Beethoven in Auschwitz

L. V. Beethoven - Romance for Violin and Orchestra No. 2 in F major, Op. 50 Renaud Capuçon, violin Leipzig Gewandhaus Orchestra, conducted by Kurt Masur

Last Sunday, the First Sunday of Lent, I came across a beautifully-written article on The Catholic Thing with the title Juliek and His Violin, written by Elizabeth A. Mitchell.

The article begins this way: 

Holocaust survivor Elie Wiesel recounts this exchange in his Auschwitz memoir, Night: I . . .I’m afraid . . .They’ll break. . .my violin . . . I . . . I brought it with me.

I thought he’d lost his mind.  His violin?  Here?
It’s an expression of incredulity at the seemingly inane focus of his young friend Juliek on a violin amidst shockingly inhumane conditions.  For days, the inmates had been force-marched in an evacuation to Gleiwitz, a sub-camp of Auschwitz, and now, crammed together in a barracks, bodies are crushing atop another.  Death is imminent.
Further down we read: 
And in those conditions, to an audience of the dead and dying, as the living fell asleep amidst the corpses who would awaken no more, Juliek played his violin.
Wiesel heard the strains of a Beethoven concerto resound through the darkness and penetrate the stillness: All I could hear was the violin, and it was as if Juliek’s soul had become his bow.  He was playing his life. His whole being was gliding over the strings.  His unfulfilled hopes.  His charred past, his extinguished future. He played that which he could never play again.

As Juliek spoke his dying words through music, asserting his human dignity against the darkness of pervasive inhumanity, he was giving life.  The notes of his violin wafted through the barracks, and into Wiesel’s soul. Wiesel carried them within himself and played them again for us. They resound now through the pages of The Catholic Thingand along the avenues of the eternal.

The author reflects: Beauty has a particular ability to carry comfort, healing, and salvation to others.  In the ability to lift the veil between the finite and the infinite, what is passing and what is enduring, the arts properly communicate to us all that the soul carries within.  And this is a sacred trust.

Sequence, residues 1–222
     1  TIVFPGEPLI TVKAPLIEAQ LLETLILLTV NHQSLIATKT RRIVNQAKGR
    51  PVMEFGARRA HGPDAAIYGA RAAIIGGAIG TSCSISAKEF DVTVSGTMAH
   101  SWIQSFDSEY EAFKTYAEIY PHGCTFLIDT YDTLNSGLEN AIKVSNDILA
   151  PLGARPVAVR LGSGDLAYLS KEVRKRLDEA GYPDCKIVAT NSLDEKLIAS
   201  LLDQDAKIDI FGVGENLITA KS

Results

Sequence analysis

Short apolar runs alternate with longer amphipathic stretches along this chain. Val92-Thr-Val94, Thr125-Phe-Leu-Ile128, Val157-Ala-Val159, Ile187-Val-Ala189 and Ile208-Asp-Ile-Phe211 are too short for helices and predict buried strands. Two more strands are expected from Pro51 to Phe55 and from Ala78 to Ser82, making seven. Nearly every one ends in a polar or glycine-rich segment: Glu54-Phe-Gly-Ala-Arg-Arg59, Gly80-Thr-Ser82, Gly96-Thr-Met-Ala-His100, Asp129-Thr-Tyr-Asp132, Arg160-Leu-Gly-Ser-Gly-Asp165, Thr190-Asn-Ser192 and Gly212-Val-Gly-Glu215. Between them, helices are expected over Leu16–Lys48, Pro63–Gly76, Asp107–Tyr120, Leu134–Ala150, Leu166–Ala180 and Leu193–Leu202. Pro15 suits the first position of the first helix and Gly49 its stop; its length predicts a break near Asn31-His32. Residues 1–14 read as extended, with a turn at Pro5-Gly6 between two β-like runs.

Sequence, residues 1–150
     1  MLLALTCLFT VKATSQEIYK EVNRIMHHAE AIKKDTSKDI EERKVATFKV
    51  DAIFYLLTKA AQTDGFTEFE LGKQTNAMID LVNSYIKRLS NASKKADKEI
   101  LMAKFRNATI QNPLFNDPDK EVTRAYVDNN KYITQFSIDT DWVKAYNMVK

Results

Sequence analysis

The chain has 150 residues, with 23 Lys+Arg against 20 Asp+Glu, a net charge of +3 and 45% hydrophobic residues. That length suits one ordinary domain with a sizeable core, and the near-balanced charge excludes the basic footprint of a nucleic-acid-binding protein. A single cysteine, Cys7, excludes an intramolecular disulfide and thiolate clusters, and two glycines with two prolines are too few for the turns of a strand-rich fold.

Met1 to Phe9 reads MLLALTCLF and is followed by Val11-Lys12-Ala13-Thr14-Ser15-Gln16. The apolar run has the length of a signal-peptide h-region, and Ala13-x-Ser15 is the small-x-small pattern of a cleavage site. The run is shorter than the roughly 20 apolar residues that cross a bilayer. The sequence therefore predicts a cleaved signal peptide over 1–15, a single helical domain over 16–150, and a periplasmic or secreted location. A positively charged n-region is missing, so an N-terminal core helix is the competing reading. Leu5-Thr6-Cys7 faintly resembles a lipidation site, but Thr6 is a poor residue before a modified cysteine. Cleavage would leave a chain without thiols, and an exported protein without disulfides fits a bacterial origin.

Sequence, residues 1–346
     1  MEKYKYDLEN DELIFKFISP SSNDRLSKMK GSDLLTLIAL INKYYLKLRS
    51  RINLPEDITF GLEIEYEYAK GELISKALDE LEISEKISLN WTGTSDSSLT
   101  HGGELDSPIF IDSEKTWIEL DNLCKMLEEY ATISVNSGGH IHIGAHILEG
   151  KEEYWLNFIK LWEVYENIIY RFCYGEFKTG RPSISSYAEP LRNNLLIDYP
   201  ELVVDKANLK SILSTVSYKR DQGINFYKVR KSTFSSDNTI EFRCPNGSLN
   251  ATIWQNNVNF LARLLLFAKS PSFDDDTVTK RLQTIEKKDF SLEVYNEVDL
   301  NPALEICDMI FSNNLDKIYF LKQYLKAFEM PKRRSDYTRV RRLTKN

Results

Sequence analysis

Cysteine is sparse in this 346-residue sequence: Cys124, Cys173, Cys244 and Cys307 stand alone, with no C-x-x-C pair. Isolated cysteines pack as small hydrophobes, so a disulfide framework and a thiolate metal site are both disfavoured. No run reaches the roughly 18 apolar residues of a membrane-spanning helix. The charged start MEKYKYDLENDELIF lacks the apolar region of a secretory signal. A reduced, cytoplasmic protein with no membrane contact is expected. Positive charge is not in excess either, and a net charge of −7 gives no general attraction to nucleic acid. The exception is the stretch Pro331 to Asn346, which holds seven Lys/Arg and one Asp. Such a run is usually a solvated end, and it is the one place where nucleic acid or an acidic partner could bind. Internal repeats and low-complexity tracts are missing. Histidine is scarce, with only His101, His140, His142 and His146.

The full article is here.

The Violin Player
Pieter de Grebber [Web Gallery of Art]

In a general audience in Castel Gandolfo on 31 August 2011 Pope Benedict XVI said, It may have happened on some occasion that you paused before a sculpture, a picture, a few verses of a poem or a piece of music that you found deeply moving, that gave you a sense of joy, a clear perception, that is, that what you beheld was not only matter, a piece of marble or bronze, a painted canvas, a collection of letters or an accumulation of sounds, but something greater, something that 'speaks;, that can touch the heart, communicate a message, uplift the mind.

A work of art is a product of the creative capacity of the human being who in questioning visible reality, seeks to discover its deep meaning and to communicate it through the language of forms, colour and sound. Art is able to manifest and make visible the human need to surpass the visible, it expresses the thirst and the quest for the infinite.

Indeed it resembles a door open on to the infinite, on to a beauty and a truth that go beyond the daily routine. And a work of art can open the eyes of the mind and of the heart, impelling us upward.

Still-Life: Vase with Irises against a Yellow Background
Vincent van Gogh [Web Gallery of Art]


Popular posts from this blog

The Memorare


10 Minute Daily Retreat: 7 Months, 7 Gifts of the Holy Spirit